It is Xbox Series X’s launch week, and the week wouldn’t be complete without some of Phil Spencer’s quotes and musings on Xbox and Halo. The Xbox Series X, so far, has had a very successful launch for Microsoft. GameSpot sat down with Xbox Head, Phil Spencer, and we have taken the task of summarizing, and analyzing some of the most important bits out of the session.
Phil Spencer on the Series X/S’ Largely 3rd Party Driven Lineup…
I played all weekend playing Assassin’s Creed Valhalla and I think the team at Ubisoft had done a great job. I think about Watch Dogs: Legion, which frankly, isn’t a franchise that I played a ton of, but I really am enjoying this game. I’m playing Tetris Effect. I’m playing games. But that’s not to dissuade–we’ve been clear, I wanted a Halo game at the launch of the console. But I will say that was more emotional than business-driven. – Phil Spencer
Indeed, Phil Spencer alludes to some very strong cross generational games from Ubisoft, games that should, for the most part, perform better on the Xbox Series X than on Sony’s machine.
It is clear, however, that Halo: Infinite missing its launch date is something that still bothers him (and Microsoft), as Sony’s launch did have Spider Man: Miles Morales, and Demon’s Souls as launch exclusives.
Phil is covering up for 343 Industries a bit here, as clearly, Halo: Infinite arriving on time for the Xbox Series X’s launch would have been a big win – business wise – for the company.
Spencer, does go on to make a nice point about Halo: Infinite having a larger part to play later in 2021 when the Xbox Series X is expected to be engaged in a more meaningful sales battle with the PlayStation 5, as this year at least, the Xbox Series X appears to have sold out everywhere (even without Halo: Infinite):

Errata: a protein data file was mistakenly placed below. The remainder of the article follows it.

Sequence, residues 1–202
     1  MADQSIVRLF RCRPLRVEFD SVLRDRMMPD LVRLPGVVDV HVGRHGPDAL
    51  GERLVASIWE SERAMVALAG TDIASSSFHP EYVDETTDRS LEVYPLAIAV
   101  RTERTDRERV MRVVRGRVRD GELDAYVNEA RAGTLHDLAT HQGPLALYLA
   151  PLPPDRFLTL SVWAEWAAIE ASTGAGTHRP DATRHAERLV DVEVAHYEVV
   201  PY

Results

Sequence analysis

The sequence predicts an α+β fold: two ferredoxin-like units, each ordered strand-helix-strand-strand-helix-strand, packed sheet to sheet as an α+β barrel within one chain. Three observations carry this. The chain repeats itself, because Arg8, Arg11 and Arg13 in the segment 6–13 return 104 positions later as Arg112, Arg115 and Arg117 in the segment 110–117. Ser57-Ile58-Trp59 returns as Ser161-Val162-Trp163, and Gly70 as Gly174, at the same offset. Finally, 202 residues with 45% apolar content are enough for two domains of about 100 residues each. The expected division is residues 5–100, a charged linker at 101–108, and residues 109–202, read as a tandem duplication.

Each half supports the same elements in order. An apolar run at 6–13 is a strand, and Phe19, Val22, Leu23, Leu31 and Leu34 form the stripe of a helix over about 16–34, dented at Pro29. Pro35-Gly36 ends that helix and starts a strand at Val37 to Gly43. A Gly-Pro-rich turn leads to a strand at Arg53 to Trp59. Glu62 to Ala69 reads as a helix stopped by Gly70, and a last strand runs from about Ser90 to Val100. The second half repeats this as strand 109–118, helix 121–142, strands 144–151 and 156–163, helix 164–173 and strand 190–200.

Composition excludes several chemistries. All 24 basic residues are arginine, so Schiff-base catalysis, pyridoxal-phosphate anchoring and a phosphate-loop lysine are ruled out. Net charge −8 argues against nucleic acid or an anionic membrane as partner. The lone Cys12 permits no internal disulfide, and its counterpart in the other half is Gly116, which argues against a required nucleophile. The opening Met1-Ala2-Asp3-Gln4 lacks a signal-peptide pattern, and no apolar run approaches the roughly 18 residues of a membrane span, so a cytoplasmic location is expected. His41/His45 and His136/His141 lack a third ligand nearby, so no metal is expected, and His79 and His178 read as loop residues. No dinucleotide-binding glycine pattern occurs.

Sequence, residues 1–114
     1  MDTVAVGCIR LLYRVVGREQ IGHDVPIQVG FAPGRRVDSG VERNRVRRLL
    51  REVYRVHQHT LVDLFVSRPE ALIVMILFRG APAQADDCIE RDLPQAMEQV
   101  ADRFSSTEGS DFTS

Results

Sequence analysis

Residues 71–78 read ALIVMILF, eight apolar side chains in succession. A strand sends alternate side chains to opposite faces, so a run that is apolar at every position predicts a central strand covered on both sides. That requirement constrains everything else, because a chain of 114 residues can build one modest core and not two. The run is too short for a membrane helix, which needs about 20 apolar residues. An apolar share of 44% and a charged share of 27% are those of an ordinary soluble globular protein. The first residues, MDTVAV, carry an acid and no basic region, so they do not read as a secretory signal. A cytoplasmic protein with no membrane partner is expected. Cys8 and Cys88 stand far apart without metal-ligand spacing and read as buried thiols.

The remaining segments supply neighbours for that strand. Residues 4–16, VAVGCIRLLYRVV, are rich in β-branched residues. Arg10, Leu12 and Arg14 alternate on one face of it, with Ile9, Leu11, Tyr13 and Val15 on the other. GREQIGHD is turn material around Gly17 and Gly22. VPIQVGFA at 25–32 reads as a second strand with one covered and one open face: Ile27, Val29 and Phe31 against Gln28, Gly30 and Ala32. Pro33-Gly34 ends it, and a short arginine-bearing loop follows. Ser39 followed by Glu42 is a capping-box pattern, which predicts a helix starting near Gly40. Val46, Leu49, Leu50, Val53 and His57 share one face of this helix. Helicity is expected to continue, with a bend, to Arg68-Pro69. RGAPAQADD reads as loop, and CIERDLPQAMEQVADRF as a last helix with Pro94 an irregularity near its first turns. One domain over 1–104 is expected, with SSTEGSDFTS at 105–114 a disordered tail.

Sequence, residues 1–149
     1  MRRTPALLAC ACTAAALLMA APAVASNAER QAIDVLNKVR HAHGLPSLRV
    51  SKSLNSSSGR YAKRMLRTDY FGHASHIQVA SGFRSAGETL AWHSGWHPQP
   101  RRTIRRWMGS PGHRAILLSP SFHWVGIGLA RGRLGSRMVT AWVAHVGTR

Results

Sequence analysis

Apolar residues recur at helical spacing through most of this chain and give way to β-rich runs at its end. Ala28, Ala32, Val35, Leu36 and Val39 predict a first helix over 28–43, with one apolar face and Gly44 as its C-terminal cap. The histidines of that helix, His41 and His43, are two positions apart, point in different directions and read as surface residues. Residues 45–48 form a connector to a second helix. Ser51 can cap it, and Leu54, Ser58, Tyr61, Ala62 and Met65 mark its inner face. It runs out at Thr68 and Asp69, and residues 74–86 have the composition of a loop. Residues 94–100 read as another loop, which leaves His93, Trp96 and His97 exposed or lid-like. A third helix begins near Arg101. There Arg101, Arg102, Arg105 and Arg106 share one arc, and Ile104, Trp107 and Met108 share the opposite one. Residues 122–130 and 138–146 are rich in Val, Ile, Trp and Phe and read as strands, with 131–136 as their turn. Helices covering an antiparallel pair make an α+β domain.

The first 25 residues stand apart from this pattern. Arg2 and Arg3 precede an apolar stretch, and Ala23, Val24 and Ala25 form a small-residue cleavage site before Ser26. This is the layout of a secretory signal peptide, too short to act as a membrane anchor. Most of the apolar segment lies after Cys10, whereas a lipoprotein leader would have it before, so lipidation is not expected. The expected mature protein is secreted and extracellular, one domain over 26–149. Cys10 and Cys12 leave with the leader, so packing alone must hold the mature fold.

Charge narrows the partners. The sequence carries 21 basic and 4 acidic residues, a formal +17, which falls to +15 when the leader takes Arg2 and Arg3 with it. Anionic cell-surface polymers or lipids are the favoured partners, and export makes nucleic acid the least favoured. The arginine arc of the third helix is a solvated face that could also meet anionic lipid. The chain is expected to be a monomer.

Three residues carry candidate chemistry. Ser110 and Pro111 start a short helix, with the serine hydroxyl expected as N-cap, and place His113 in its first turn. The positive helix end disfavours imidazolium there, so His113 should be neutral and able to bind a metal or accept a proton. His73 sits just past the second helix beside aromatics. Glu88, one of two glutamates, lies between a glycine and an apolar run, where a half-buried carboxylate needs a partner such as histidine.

So I think from a PR standpoint, it would be nice because people could write about a couple of good games. From a business standpoint, I’m not overly worried about it. And frankly, when those games will come, I think it will be a good opportunity for the console when we’re really in more of a competitive battle, because there are consoles from us and Sony on the shelf. -Phil Spencer
On Game Pass Being A Strong Point for the Xbox Series X…
Game Pass is the thing that I really think differentiates our console platform right now. We’ve got 15 million subscribers, doing incredibly well, a great collection of games from so many partners. Our launch games go in day and date. So like Gears Tactics, these games people haven’t played before can go play. So I feel really, really good about the investment in Game Pass, and how that stands up against any competitive offering that’s out there.- Phil Spencer
I strongly agree with Phil Spencer here. Game Pass is fantastic, and now, with the addition of Electronic Arts’ massive library of titles, the free gaming service has no rival. Quite simply, an Xbox Series X coupled with a Game Pass subscription grants gamers instant access to a gigantic library of AAA games.
Games such as The Outer Worlds, Battlefield 1, Doom Eternal, Gears 5, Forza Horizon 4 (Which runs on Series X at 4K 60fps), and hundreds of other titles are available at no extra cost.
On Whether Halo Has Lost Some of its Luster over the last generation or not, and his Take on Halo Infinite’s Development…
There are a lot more big franchises now in gaming than there were back when Halo 2 and 3 launched, and I think that’s a good thing for our industry and a good thing for Xbox. The fact that we can have a diversity of franchises and what those mean. So I don’t think a platform has to define–[or we get to define]–who’s your iconic character on our platform. I think you are the iconic character on our platform. It’s not any one of our individual franchises. And I think that’s a strength, but I have a ton of belief in Halo and 343 and where we’re going. I’ve played quite a bit of Infinite and I’m looking forward to other people getting to play. – Phil Spencer